Golden Sibanda Senior Reporter
ZIMBABWE Power Company (ZPC) has flown into the eye of a storm amid revelations a senior executive of the State- owned power utility allegedly awarded a multi-million dollar contract without going to tender.
ZPC has since instituted investigations into suspected irregular conduct by company secretary Ms Norah Tsomondo over the awarding of a contract to a local private law firm owned by one Sheila Magugu.
The tender entailed registration of the security cession agreement for Hwange Power Station units 7 and 8 extension, which will transfer rights of obligation and liability to a new firm Hwange Electricity Supply Company (HESCO).
Sources said the State Power Utility was first quoted an amount of $19,5 million for the registration of the security cession agreement, Ms Tsomondo allegedly negotiated for a downward review and the contract price was reduced to $4,5 million which was later queried by other executives.
The $19,5 million initial contract price quotation represented 2 percent of the Security Cession Agreement valued $998 million ($997 723 224,20).
The extreme variation in the reduction, about $16 million, has raised eyebrows at how that was possible and why the initial quotation had been pegged as high as $19,5 million.
Further, this was done allegedly in breach of State procurement regulations, which require tenders valued more than $100 000 to be advertised or be approved by the Procurement Regulatory Authority of Zimbabwe (PRAZ).
The cession registration was a pre-requisite for the drawdown of the $1,1 billion the power utility secured from China Eximbank for expansion of the 920 megawatts Hwange Power Station to add 600MW.
The alleged irregularities in the cession agreement registration come as President Mnangagwa warned Zesa officials, during the ground breaking for Hwange units 7 and 8 expansion, against corruption and to adopt highest financial discipline in the implementation of the project to ensure its success.
Asked to comment on the irregularity, ZPC acting manager Patrick Chivaura declined to discuss the issue in detail, but confirmed that an investigation was underway.
“We have not finished the investigation; we are still working on it. That is what I can say for now, I cannot say anything else,” Engineer Chivaura said.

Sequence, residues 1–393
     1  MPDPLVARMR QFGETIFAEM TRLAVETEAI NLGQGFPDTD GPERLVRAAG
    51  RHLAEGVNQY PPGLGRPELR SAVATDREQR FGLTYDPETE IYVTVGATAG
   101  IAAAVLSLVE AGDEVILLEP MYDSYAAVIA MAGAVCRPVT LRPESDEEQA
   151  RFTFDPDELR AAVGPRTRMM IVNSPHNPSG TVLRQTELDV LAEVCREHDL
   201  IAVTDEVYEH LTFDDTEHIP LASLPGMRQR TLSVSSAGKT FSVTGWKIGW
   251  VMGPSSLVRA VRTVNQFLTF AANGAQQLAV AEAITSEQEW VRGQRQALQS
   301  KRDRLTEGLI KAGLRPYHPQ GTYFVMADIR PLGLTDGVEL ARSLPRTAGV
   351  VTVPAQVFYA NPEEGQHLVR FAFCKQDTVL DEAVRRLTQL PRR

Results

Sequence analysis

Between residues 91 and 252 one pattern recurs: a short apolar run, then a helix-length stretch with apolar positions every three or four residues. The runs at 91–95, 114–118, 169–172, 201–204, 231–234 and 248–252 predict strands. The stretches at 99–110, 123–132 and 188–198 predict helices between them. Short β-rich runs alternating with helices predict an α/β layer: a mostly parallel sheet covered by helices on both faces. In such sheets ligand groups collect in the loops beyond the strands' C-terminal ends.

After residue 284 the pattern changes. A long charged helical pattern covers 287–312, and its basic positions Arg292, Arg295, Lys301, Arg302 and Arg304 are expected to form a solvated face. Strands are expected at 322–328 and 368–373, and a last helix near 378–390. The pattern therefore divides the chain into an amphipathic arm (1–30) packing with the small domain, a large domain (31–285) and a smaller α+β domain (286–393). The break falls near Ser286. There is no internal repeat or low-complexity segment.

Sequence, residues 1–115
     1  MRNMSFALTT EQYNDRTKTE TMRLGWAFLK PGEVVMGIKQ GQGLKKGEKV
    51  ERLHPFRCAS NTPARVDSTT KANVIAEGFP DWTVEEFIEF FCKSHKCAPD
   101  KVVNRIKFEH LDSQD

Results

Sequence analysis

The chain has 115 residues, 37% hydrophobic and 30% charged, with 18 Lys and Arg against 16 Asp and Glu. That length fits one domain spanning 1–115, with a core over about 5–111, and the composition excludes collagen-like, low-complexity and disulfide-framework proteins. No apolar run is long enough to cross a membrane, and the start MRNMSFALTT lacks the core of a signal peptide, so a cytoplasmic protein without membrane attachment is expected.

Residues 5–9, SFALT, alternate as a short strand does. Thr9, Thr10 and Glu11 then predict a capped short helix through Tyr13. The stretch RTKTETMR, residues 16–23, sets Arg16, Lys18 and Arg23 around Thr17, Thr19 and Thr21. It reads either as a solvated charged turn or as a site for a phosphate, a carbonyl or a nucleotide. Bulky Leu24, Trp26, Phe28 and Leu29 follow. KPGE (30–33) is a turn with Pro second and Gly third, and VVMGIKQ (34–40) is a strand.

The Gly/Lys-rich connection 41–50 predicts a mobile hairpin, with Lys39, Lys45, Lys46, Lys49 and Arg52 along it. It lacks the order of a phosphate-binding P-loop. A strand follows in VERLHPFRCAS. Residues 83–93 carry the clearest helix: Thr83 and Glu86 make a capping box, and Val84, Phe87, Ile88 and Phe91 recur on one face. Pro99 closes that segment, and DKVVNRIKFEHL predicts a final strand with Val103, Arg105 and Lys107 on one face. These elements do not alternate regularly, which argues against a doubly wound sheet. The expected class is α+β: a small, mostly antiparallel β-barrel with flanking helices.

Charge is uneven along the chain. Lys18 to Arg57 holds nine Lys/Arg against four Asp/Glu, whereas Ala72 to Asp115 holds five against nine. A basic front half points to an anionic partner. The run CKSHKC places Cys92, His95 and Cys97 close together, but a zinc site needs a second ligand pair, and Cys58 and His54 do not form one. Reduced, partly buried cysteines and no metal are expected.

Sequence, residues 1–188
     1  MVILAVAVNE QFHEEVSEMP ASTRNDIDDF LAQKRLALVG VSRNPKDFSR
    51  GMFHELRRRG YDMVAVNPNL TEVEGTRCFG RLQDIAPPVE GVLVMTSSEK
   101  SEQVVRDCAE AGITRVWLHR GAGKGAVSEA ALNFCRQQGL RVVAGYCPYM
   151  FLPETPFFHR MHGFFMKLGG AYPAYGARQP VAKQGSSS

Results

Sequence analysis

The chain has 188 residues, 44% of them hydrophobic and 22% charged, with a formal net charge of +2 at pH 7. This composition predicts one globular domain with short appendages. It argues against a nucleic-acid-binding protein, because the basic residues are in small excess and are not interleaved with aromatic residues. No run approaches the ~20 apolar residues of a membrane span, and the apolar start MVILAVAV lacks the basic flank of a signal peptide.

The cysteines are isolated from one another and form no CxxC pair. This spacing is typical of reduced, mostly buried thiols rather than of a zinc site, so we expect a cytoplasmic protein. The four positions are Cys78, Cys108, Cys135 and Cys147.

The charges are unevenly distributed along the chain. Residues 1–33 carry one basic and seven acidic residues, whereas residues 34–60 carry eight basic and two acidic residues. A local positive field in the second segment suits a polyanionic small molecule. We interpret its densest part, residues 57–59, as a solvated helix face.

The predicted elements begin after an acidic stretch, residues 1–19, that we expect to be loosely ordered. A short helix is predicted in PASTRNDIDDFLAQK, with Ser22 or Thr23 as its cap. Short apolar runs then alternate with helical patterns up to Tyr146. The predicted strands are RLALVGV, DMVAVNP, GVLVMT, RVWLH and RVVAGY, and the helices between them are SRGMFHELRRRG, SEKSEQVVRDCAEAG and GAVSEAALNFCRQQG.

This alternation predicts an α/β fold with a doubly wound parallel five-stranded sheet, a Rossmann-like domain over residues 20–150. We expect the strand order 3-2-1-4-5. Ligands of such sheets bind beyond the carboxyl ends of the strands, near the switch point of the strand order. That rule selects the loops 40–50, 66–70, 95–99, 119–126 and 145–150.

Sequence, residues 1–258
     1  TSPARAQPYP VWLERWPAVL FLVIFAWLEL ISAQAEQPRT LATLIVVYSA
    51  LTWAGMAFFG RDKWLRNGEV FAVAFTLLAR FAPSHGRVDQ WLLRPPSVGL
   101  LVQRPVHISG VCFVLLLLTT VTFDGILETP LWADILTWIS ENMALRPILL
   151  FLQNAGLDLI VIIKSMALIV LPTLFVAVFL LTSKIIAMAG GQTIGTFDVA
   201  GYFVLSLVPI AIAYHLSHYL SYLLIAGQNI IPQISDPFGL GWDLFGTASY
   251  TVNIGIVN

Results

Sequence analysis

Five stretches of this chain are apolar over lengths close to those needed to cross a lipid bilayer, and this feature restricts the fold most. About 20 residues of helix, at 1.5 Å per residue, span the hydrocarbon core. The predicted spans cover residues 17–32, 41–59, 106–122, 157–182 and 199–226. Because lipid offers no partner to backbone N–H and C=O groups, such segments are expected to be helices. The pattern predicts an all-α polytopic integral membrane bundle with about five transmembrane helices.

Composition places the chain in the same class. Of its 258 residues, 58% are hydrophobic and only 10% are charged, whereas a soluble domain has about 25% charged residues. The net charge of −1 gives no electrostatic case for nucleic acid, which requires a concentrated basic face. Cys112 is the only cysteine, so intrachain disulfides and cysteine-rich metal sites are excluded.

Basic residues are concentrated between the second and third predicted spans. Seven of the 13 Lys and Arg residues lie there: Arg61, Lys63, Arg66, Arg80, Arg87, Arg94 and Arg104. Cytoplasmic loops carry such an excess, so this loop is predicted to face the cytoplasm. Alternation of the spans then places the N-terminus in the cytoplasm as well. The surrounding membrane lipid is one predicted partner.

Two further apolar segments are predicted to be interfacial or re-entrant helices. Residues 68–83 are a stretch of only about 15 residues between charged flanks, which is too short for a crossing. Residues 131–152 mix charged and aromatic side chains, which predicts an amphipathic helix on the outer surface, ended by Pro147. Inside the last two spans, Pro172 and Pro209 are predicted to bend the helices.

Reached for comment, Ms Sheila Magugu whose law firm undertook the cession agreement registration was non-committal saying she was bound by professional code of conduct not to reveal client-customer confidentiality issues.
“I would rather you talk to my client for whom I did work. As lawyers we are bound by professional code of conduct. Go and talk to the people I did work for. I will not confirm nor deny. Seek further particulars from people who gave you the information,” Ms Magugu said.
On her part Ms Tsomondo told The Herald Business that nothing irregular had transpired regarding registration of the cession agreement. She said ZPC was not yet done with the process of registering the agreement. “It is not irregular, what happens (not to go to tender) is that when we deal with lawyers we do not advertise (tenders) and since we had been working with the lawyers since 2016, we gave them that work to do,” she said.
“We still need to go with a figure to PRAZ (for direct award permission). As such, we have engaged the law firm to negotiate for a price reduction because we were told by the Law Society of Zimbabwe that there were no rates for such high value contracts,” she said.
Unconfirmed reports alleged that Ms Tsomondo once worked with some senior official of the company that did the cession agreement registration for ZPC.
Efforts to get a comment from Zesa Holdings, the parent company of ZPC were not successful yesterday. However, The Herald Business understands that China Eximbank entered into a preferential buyer credit loan agreement with Government which required the cession agreement to disburse funding.
But when Ms Tsomondo enquired from Ms Magugu how much it would cost to register the cession agreement, she was advised that the fees would be in terms of part 11, item 2,6 of the Law Society General Tariff for legal practitioners, which stipulated the fees at 2 percent value involved.
Ms Tsomondo allegedly proceeded to negotiate the final fees with Ms Magugu’s firm, allegedly without informing the chief executive of the new company (HESCO) or the acting managing director of ZPC, Mr Chivaura. The fees finally agreed with the law firm did not have ZPC’s board approval.
Ms Magugu said there was no board approval since the firm has no board.
Ms Magugu’s firm proceeded to register security cession agreement on May 24, 2017. It is alleged that when the ZPC company secretary was asked on how much this would cost, she cited a figure of $100 000.
However, all hell broke loose when Ms Magugu submitted an invoice for $4,5 million, which was then queried by ZPC’s supply chain manager and its MD. The ZPC company secretary has reportedly been trying to persuade Ms Magugu’s law firm to reduce its price to about $100 000.